A Message from the Program Officer
The society's next Annual Meeting, to be held in Chicago in January of 2001, promises to be busy and maybe a bit hectic for DVM members, since we are sponsoring or co-sponsoring four of the 12 symposia:
1. "Molecules, muscles, and macroevolution: Integrative functional morphology," organized by Miriam Ashley-Ross, Alice Gibb and Lara Ferry-Graham.
2. "Motor control of vertebrate feeding: Function and evolution," organized by Michael Alfara and Anthony Herrel.
3. "Stability and maneuverability," organized by Frank Fish and Bob Full.
4. "Science, entertainment, and teaching: Bringing cutting edge biology to the public and teaching community," organized by Stuart Sumida and Elizabeth Rega.
In addition to these four, a number of other symposia will be of interest to many members of DVM (e.g., "Vibration as a communication channel,: DAB/DNB; "Starting with fins: Parallelism in the evolution of limbs and genitalia," DEDB; "Taking physiology to the field: Advances in investigating physiological function in free-living vertebrates," DCPB; "Ontogenetic strategies of invertebrates in aquatic environments," TCS/DIZ.)
The large number of symposia is exciting, but it will create scheduling conflicts. As a division we need to decide where to draw the line on the number of symposia. Kurt Schwenk has suggested that we adopt a policy of one DVM symposium a year with a competition among proposals. My own inclination is also to limit the number of symposia in order to reduce conflicts with the contributed paper sessions. I see the contributed paper sessions and poster sessions as the heart and soul of meeting. They are also the focus of presentations from the younger members of the society. Please send me your opinions on this (email@example.com).
In spite of the scheduling conflicts at our next Annual Meeting, we encourage you to consider organizing a symposium for the Anaheim meeting in January 2002. Now is the time to consider submitting a proposal. One proposal already is brewing and we are looking for additional suggestions. The official call for symposia proposals for the Anaheim meeting will happen sometime next month. Contact me directly if you have questions in the meantime. The second step in organizing a symposium is to contact the program officer of the division that you hope will act as sponsor. It is very important to do this in the early planning stages, before submission of the proposal, and to keep him/her in the loop throughout the process. Please note that the organizers are usually expected to apply for extramural funds to help support the symposium. At the same time, acceptance of the symposium for the meeting is not contingent upon whether or not the grant proposal is funded.
A suggestion for a future symposium, that I would like you to consider, is one focused on "controversy" in our field. It would have a point-counterpoint format. Two or more speakers would be selected to present alternative viewpoints. The focus would be on theory and available evidence. Each speaker would be given time to respond to the points raised by the other speaker. (A possible example is the controversy surrounding the configuration of cursorial limbs. There are studies that suggest limb configuration is not important to performance and other studies that suggest anatomy does make a difference.) A number of unrelated controversies could be included in the same symposium. This format would draw attention to important unanswered questions and would naturally emphasize what we don't understand rather than what we know. Please contact me if you have any topics that might fit into such a symposium.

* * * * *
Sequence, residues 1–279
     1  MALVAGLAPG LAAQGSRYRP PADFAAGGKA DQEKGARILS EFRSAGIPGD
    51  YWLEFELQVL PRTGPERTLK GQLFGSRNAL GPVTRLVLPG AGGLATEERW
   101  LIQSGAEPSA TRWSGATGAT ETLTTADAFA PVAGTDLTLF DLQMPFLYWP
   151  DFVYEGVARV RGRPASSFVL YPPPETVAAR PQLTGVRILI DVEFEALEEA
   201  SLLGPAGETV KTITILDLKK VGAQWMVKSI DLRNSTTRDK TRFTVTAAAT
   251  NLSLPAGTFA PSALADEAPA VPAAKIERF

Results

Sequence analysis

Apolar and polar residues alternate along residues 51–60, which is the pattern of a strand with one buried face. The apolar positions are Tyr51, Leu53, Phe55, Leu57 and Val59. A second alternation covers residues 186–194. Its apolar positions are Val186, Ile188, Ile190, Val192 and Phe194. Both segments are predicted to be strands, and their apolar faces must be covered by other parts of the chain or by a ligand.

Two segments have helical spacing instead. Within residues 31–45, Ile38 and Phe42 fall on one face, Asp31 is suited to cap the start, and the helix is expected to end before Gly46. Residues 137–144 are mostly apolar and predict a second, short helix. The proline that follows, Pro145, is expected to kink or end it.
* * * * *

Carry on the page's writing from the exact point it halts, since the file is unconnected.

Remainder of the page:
John Pearse and Martin Feder have asked Paul Sereno to be the opening speaker at the Chicago meeting. Paul has accepted the offer. The plan is to have Paul talk the first evening and then have a society-wide social.
A Message from the Secretary
While Andy and Dave have covered some of the issues discussed during the division's business meeting, several others are worth bringing to your attention. First of all, Rick Harrison, editor of the Journal of Morphology, announced that the journal has changed its format to a larger page size with more color. In addition, he has gotten the publisher to agree to remove limits on the number of pages and on the number of illustrations. Furthermore, since each issue (not manuscript) is allotted 10 color pages free of charge, these are available to authors, depending on demand, who contact the editor prior to publication. Finally, Rick encouraged DVM members to act as reviewers for the journal; anyone who does so will receive a complimentary subscription for the year following the review. These are welcome changes in the journal's policies!
In his final report as program officer, Kurt Schwenk polled the membership on three programmatic issues from the Society:
1. Satisfaction with interdivisional paper sessions
2. The attraction of organizing interdivisional poster sessions
3. Satisfaction with electronic posting of the Annual Meeting's program listing and abstracts. While attending members voiced some concerns, the majority of members voted affirmative on all three issues.
In addition to the scheduling conflicts with symposia mentioned in Dave's message (above), Kurt also noted that another avenue for interdivisional symposia is the Annual Meeting of the Society of Vertebrate Paleontology, which seeks to develop stronger ties with SICB. DVM members who would like more information should contact Blaire Van Valkenburgh.